The breakthrough came in an impossibly small slice of time, less than it takes a beam of light to move an inch. In that tiny moment, nuclear fusion as an energy source went from far-away dream to reality. The world is now grappling with the implications of the historic milestone. For Arthur Pak and the countless other scientists who’ve spent decades getting to this point, the work is just beginning.

Pak and his colleagues at Lawrence Livermore National Laboratory are now faced with a daunting task: Do it again, but better—and bigger.

That means perfecting the use of the world’s largest laser, housed in the lab’s National Ignition Facility that science-fiction fans will recognize from the film “Star Trek: Into Darkness,” when it was used as a set for the warp core of the starship Enterprise. Just after 1 a.m. on Dec. 5, the laser shot 192 beams in three carefully modulated pulses at a cylinder containing a tiny diamond capsule filled with hydrogen, in an attempt to spark the first fusion reaction that produced more than it took to create. It succeeded, starting the path toward what scientists hope will someday be a new, carbon-free power source that will allow humans to harness the same source of energy that lights the stars.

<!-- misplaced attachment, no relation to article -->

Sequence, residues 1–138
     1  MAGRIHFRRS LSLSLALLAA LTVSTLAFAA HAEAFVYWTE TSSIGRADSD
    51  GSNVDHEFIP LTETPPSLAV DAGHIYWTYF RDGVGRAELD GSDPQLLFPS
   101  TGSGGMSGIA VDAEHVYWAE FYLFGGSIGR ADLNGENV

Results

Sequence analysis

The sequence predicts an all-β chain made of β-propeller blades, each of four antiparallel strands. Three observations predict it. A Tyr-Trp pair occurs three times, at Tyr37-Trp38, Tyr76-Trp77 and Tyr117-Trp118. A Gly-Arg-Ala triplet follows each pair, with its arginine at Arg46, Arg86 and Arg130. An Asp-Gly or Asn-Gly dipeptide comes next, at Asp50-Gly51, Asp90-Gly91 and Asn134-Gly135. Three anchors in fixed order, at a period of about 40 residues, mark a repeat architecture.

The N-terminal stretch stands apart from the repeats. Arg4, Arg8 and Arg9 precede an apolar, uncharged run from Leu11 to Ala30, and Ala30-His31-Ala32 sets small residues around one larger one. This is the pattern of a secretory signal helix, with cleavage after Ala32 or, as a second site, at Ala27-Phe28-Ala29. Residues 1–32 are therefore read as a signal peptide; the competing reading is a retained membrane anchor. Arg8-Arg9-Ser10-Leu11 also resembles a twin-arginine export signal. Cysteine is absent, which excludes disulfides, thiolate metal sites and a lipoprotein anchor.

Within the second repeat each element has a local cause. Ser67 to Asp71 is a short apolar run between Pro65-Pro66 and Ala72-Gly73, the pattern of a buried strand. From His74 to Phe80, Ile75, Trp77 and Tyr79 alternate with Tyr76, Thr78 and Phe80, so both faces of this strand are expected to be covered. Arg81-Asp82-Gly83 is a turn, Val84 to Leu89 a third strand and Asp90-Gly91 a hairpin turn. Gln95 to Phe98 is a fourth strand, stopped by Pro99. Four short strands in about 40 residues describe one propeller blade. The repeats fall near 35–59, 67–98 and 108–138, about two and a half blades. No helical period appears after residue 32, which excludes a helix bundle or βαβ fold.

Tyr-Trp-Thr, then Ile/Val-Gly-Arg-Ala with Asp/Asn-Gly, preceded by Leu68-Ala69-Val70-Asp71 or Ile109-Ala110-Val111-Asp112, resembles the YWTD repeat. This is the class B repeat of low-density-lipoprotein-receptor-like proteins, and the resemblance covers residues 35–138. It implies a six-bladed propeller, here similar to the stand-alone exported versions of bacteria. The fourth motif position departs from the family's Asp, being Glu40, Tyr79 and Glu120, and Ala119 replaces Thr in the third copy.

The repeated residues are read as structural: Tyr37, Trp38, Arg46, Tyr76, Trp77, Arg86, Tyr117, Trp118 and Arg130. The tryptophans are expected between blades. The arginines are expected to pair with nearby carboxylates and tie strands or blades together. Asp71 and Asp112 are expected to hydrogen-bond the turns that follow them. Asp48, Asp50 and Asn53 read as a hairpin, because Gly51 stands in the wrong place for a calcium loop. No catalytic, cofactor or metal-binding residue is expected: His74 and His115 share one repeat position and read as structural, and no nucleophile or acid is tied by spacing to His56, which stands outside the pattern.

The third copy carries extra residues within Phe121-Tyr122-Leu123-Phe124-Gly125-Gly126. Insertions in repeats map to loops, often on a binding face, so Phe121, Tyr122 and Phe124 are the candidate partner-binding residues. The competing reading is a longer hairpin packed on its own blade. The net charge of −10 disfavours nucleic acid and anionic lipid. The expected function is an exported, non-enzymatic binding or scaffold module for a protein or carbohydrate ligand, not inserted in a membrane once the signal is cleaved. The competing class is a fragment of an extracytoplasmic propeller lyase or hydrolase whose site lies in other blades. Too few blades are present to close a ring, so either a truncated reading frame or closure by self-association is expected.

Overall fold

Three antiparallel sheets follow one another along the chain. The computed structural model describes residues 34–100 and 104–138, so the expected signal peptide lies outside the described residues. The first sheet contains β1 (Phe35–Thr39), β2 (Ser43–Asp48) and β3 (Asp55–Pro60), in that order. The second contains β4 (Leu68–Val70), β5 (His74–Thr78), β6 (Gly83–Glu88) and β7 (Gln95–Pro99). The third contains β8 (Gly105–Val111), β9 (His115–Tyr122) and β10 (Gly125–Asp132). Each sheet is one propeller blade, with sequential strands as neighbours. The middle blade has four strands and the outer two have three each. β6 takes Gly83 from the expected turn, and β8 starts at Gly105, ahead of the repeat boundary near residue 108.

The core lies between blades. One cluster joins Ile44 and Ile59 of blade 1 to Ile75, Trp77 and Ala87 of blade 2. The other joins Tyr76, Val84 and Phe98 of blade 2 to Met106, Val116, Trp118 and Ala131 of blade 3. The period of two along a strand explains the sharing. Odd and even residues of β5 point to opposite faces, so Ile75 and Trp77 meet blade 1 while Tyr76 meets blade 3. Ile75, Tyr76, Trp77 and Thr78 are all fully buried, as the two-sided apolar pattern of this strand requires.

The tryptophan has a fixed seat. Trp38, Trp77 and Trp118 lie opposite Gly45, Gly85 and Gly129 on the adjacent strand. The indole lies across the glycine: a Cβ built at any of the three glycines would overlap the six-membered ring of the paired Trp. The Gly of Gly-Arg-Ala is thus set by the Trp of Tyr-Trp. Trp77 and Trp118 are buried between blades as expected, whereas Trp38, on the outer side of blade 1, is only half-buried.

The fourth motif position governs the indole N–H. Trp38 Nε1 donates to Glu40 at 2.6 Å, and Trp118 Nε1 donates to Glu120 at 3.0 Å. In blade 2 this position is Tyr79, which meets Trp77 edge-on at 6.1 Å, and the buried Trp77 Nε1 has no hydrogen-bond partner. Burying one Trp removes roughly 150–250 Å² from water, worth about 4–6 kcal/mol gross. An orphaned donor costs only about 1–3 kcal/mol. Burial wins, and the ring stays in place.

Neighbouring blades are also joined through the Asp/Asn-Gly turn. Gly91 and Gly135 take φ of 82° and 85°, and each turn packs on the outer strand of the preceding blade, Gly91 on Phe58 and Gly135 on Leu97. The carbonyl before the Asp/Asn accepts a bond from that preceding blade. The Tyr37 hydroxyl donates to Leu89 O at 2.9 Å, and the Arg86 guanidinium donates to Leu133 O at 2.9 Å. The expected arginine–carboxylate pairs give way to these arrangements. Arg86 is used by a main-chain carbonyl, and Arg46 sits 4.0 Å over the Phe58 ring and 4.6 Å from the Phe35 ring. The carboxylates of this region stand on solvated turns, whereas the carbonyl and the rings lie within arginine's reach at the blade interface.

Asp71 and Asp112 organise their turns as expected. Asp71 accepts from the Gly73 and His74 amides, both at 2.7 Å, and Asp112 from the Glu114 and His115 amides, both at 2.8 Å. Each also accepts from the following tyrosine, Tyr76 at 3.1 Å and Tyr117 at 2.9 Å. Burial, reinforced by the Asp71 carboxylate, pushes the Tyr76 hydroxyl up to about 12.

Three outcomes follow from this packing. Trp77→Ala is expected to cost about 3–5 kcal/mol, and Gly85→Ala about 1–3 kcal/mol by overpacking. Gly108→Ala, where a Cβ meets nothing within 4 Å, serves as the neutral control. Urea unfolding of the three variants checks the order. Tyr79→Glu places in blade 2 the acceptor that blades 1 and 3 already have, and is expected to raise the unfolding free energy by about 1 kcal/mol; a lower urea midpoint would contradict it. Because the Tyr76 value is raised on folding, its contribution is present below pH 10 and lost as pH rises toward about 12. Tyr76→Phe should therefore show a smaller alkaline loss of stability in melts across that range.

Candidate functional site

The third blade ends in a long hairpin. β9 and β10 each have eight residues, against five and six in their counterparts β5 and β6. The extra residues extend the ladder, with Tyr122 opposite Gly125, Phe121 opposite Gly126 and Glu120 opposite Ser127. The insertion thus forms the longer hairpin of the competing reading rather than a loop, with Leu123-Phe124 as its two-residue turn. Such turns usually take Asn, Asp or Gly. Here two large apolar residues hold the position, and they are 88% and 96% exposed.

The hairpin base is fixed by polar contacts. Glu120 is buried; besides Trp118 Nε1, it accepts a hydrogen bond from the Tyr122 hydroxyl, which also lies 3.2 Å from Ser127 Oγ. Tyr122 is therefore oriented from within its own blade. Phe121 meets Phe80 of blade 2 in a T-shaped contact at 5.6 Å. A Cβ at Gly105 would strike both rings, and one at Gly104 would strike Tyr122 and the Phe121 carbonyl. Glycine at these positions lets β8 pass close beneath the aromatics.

Dec 27, 2022

More Energy Output Than Input Marks a Leap Forward for Fusion Energy Research

Posted by in categories: innovation, nuclear energy

Lawrence Livermore National Lab fires 192 lasers at a fuel pellet and yields 1.5 times more energy output than input, a fusion breakthrough.

Dec 18, 2022

Hot salt, clean energy: How artificial intelligence can enhance advanced nuclear reactors

Posted by in categories: climatology, nuclear energy, robotics/AI, solar power, sustainability

Technology developed at Argonne can help narrow the field of candidates for molten salts, a new study demonstrates.

Scientists are searching for new materials to advance the next generation of nuclear power plants. In a recent study, researchers at the U.S. Department of Energy’s (DOE) Argonne National Laboratory showed how artificial intelligence could help pinpoint the right types of , a key component for advanced nuclear reactors.

The ability to absorb and store heat makes important to and national climate goals. Molten salts can serve as both coolant and fuel in nuclear power reactors that generate electricity without emitting greenhouse gases. They can also store large amounts of energy, which is increasingly needed on an electric grid with fluctuating sources such as wind and solar power.